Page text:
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'Daddy, vote for Barack Obama'

Last updated on: November 05, 2008 06:45 IST

Rediff.com had sought readers' views on the US presidential elections. Here are some responses.

Shefali Razdan Duggal, 37, political activist, voted for the Obama/Biden ticket in San Francisco.

"I believe this election is about change versus the path this country has been on for the past eight years. Senator Obama represents that change for me and I believe he will lead us in a new, and better, direction.  We are all extremely fortunate to live in a country where we have a real voice in our democratic government. This is a rare and precious privilege, and so I believe it is important to vote irrespective of your party affiliation.  Also, I believe that this election, particularly, is symbolic of the hopes and aspirations of true equality, in all respects, which our founders had envisioned for our great country."

 

Dhaval Shah, 35, Senior Manager, software engineer, voted for Obama in Mountain View, California

"I voted for Obama because he stands for change, for hope, for better future of US of A. It's historic moment by all means. We have had 8 years of republican rule which must change!"

Hrishikesh M Sathawane supports the gay community in California and has voted for Barack Obama

"For California this election is doubly important. Obama is the only candidate who openly stood behind Gay community. This is a historic election. Voting is my right and duty. In California Prop8 puts fundamental rights of equality at risk and hence it must be defeated. I have voted No on prop 8."

Pravin Sheth writes in from Dayton-Ohio:
"We voted exactly a month before today -- on 4th October -- in Dayton-Ohio. We were aware of the role of Ohio state as a swing and battle ground state in presidential polls --previous and present. Our family of four, therefore, seized the opportunity to play our small but important role in this strategic state. I voted for Barak Obama.
 
Even on that day, there was a steady stream of voters visiting the hustings with Afro-Americans and senior citizens more visible. Polling was orderly, the staff at the booth co-operative and our voting process including pressing the button on the voting machine was over in less than 10 minutes.
 
I was to realize a three weeks after that an unprecedented voter mobilization was to make voters wait in queue for long hours. And they voted in a qualitatively changed environment of intense political communication of misinformation and disinformation, negative name calling, and massive mobilization in rallies and at the hustings. Let me recapitulate the other environment the voting is taking place on 4th November.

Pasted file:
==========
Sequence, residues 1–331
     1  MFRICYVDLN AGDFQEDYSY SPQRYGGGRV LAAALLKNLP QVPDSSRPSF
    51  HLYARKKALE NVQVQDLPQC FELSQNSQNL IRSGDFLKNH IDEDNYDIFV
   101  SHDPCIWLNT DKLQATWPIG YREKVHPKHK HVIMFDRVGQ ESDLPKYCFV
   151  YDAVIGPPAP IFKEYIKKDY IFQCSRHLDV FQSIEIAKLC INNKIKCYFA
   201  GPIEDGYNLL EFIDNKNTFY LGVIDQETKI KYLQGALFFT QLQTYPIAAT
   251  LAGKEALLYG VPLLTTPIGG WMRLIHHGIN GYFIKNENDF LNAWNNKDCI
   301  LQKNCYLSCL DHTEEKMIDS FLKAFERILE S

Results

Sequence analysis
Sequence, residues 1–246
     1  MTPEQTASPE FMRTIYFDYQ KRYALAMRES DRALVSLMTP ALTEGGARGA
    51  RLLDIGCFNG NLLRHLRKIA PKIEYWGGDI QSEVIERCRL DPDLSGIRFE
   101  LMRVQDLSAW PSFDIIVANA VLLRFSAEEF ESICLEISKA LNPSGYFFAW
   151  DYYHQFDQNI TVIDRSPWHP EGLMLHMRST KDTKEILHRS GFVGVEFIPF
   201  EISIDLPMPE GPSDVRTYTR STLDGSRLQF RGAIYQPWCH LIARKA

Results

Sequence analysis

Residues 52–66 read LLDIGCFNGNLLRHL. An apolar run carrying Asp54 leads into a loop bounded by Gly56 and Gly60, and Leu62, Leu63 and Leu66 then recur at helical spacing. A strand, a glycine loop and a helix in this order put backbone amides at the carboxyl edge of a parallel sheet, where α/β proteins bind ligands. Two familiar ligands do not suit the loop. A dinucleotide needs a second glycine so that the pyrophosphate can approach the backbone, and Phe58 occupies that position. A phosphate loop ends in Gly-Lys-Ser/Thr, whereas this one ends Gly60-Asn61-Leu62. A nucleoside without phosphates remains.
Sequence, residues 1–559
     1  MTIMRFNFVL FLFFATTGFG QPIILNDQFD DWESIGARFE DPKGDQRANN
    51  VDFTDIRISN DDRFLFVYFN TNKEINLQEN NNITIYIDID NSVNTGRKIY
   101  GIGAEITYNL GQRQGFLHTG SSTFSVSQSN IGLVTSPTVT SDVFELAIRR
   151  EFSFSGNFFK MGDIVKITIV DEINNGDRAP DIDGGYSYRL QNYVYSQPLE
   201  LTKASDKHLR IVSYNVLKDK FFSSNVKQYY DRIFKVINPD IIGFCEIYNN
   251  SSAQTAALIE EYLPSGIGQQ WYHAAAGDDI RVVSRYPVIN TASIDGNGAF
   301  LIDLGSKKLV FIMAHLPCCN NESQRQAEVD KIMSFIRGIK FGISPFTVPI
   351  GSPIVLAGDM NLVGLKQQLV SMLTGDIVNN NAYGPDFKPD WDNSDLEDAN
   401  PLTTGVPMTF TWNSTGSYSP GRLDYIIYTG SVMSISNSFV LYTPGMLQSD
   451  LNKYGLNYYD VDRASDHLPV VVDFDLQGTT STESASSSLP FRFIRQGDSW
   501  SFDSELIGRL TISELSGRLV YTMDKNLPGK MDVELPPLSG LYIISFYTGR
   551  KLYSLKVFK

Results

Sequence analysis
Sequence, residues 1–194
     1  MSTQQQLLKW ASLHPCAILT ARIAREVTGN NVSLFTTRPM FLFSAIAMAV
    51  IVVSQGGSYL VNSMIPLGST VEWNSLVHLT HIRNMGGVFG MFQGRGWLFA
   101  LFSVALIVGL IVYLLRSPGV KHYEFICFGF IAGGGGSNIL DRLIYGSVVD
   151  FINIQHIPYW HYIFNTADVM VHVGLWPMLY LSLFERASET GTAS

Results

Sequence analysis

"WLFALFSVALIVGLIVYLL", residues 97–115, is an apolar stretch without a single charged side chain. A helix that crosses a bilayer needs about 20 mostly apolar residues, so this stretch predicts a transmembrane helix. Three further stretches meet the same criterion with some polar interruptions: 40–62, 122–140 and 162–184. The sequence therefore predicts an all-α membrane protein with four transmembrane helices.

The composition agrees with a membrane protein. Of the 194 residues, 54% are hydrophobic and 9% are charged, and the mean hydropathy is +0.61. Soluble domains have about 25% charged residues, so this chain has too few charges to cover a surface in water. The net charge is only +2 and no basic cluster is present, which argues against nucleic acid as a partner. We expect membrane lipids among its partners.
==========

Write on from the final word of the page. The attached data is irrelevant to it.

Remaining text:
We consciously pursued the campaign on TV media as we feel that we're witness to a truly history-making event that is likely to usher in a significant CHANGE in the political process and cultural perceptions of this great democracy with likely far-reaching effects for the world.

Last night, our grand daughter, Surili, 19, an OSU student, Columbus-OH waited for 6 hrs and 30 minutes in queue before getting into the polling booth. A long line of students, youth and other citizens waited with calm. Volunteers of both parties served them pizza, a bottle of water, freely and treated the standing voters with courtesy, Surili happily informed us. Most Indian Americans have switched their preference for Obama. Most second generationers of Indian roots were active and fondly worked for Obama against even Hillary during the Dem primary.

(Some Indians though told me that they avoid fixing sticks holding the flag/sign board of "Obama-Biden' ticket in the front yard of their house, as they will be spotted in the surrounding fronts of the white neighbours who have planted sticks bearing the "McCain-Palin" ticket! Most in our neighbour hood also are inclined towards Republican candidates as the rich income group Americans and (even) Indian doctors are prone to! But the undercurrent of even blue turning red and that 'dreaded "Bradley effect" being diluted, we've reasons for hope -- for CHANGE.Race/colour is the only major factor - followed by Palinesque appeal  of negativist populism to the politically illiterate masses--that can deny Obama his merited search for place in White House. The process of Change, it seems, is irresistibly set in